Behind The Scenes: Resurrection

As you may have seen from other blogs here, my current project is an animated series called Resurrection. This post is a sort of behind-the-scenes look at how each episode is constructed, with a mostly Adobe workflow. All of these screenshots come from the creation of Episode 2 of the series.


The process starts off with a script, which I write using Adobe Story. Story has a fairly nice TV show template, and also tracks characters across scenes and such. The thing you’ll want to pick up here is the page and line numbers – we’re looking at 2-9-1 in this screenshot.

audio_script_pageThis script is printed out for recording by all the cast. We’ve been recording in my school’s Drama department’s wardrobe room, which provides a decent acoustic space – no humming lights (when we’ve set it up), and the walls lined with costumes prevent reverb problems during recording. Recording is done in multiple passes, one per character, with the other actors doing their parts off-mic to make reactions more realistic. I use a Zoom H4n recorder with an attached Azden SMX-10 microphone, compositing a recording out of the internal and external microphone.

This means, of course, that the audio for a given episode comes in for processing in very long wav files. That’s where Adobe Audition comes in.

audio_octavian_dialogueBasically I run through the file as a multitrack, splicing out each individual line. I then render out each selection as an individual wav.

audio_individual_fileI do a little processing on each – I sample the noise floor of each take, and use the hiss reduction tool to eliminate what ambient noise there is in the recording (our space is good, but not perfect). I also normalize all the dialogue to -3dB, so that if I need volume dynamics later I can start from a uniform volume base. This file gets saved in two formats – the original 24bit 48000 kHz, and a second 16bit 44100 kHz file. This lower-quality file is what goes into Flash (which can’t handle higher quality files). These files are named based on page number and line number, so that they can be easily referenced when pulling them into Flash and Premiere.


Scenes are constructed from two fundamental units – character models and environments.


Environments are large vector graphics sets in Flash that comprise a large area. The one above is Octavian’s office, which is built in multiple layers – foreground and background elements of varying depths. This can be adapted  for multiple shots, and character models can be placed almost arbitrarily within it.

character_model_octavianCharacter models are articulated “puppets,” which I can place into scenes and pull apart as needed. They’re a set of nested movie clips, so articulation is only as detailed as it needs to be for an individual scene. Each character model has different views – Octavian’s (in this picture) can face forward, to the side, or away from the camera. This is facilitated by the fact that the character models are symmetrical – I can just flip one side view to make Octavian face either way. As I need more views, I add them into the model, making them available for subsequent shots.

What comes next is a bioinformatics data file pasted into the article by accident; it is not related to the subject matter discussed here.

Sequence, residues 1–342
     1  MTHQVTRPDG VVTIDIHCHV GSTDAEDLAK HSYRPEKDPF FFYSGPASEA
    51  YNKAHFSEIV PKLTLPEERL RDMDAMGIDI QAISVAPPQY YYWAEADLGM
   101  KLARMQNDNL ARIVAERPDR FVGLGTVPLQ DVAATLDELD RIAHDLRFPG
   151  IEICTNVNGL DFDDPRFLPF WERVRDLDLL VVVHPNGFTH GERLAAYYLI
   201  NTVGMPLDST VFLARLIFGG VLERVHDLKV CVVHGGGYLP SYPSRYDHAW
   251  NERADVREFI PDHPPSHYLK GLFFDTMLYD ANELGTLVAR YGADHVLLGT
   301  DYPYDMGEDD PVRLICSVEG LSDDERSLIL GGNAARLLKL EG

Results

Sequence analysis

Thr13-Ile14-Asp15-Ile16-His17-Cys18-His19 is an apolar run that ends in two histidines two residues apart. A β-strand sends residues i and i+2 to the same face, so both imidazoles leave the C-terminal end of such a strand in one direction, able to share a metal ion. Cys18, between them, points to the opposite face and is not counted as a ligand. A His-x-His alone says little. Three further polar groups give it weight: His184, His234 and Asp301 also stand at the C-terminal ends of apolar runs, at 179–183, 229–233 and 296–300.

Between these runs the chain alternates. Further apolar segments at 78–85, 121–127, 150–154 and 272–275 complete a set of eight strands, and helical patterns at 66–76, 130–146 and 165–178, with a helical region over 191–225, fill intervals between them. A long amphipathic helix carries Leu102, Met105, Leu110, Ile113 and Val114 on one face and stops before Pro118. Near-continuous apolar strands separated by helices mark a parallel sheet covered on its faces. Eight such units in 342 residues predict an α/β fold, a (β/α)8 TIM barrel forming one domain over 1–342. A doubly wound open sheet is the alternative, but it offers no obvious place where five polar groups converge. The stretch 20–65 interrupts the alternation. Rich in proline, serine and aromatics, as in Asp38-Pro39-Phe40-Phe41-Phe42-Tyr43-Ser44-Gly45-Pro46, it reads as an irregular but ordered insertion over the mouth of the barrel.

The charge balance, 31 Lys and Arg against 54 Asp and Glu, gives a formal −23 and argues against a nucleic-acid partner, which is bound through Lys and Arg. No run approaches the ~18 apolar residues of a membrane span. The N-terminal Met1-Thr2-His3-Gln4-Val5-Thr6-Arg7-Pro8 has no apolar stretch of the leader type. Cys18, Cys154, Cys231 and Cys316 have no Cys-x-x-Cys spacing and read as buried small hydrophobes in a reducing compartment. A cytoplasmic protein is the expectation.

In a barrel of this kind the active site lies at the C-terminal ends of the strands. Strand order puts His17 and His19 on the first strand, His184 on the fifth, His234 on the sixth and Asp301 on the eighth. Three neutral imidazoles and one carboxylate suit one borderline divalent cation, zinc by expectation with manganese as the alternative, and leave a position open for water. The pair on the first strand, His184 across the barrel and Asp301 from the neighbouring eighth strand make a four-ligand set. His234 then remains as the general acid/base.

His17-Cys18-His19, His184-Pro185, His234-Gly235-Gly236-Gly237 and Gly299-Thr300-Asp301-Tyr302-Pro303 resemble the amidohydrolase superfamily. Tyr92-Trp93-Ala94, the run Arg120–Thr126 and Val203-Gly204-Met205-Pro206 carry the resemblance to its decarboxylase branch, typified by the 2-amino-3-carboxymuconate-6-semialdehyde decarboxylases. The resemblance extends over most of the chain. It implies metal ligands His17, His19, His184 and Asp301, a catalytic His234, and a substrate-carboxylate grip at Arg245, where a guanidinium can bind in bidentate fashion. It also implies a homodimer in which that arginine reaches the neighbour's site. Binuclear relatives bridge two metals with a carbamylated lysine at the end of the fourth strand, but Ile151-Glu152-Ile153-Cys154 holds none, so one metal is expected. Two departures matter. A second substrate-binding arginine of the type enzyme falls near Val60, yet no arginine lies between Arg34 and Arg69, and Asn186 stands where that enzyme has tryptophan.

So we assemble a scene out of (in this case) two models and an environment. To try and fake a little depth of field, the wall behind the Captain is blurred out. Both Octavian’s and the Captain’s mouths get put on separate layers in preparation for the next step, inserting the dialogue. This is where the lower quality render of each clip comes in – we load it into Flash, put it in its own layer, and then we create empty frames for all layers along the length of the audio file.


This leads to the use of possibly the most useful plugin I’ve ever found for flash, SmartMouth from Ajar Productions. SmartMouth, after being pointed at the right audio and mouth layers, synchronizes the mouth’s set of shapes (visemes) to the sounds in the dialogue. This saves an absolutely colossal amount of time manually doing lip sync, and in my experience it works pretty well. I manually go over the sync later to make sure it’s not totally off, but on the whole it’s fairly accurate -more so with male voices than with female, though (it sometimes gets a bit lost on Amanda’s dialogue).


Once the shot’s all animated, I render it out to an individual QuickTime Animation encoded mov file.



This mov file gets pulled into Premiere Pro, which is where I do all my editing. Because the audio coming out of Flash is lower quality (lower even than the quality going in – I haven’t quite figured out why), I need to re-sync the high-quality audio files back in.

sync_in_better_audioThere are tools for automating this process, but I haven’t particularly looked into them – visually matching the waveforms is not too challenging. This is how the rest of the episode is constructed, shot by shot.


Audio Mixing

Once the editing’s done, I remove the synchronization audio track from the timeline, leaving just the high-quality dialogue audio behind. This is not quite done – blank audio works in some scenes, but not often. Mostly I use it in the interior of Amanda’s house. To add some environmental noise, I pull the timeline into Audition again.

add_in_foley_enviroI pull in sounds from Adobe Resource central both for audio ambiance, and for foley sounds – any object or action that should make a noise when something happens to it.

acid_special_musicThis particular episode also called for some special music, during the evidence-gathering montage. I put the music together in Sony Acid Music Studio 7.0, render it back out as a wav, and plunk it down at the appropriate spot in Audition.

sound_mix_completeThe completed audio track looks something like this. I export this back into Premiere, then render out to a 720p mp4 file for upload to Youtube.


And that’s all there is to it! If you have any questions, feel free to ask in the comment section.

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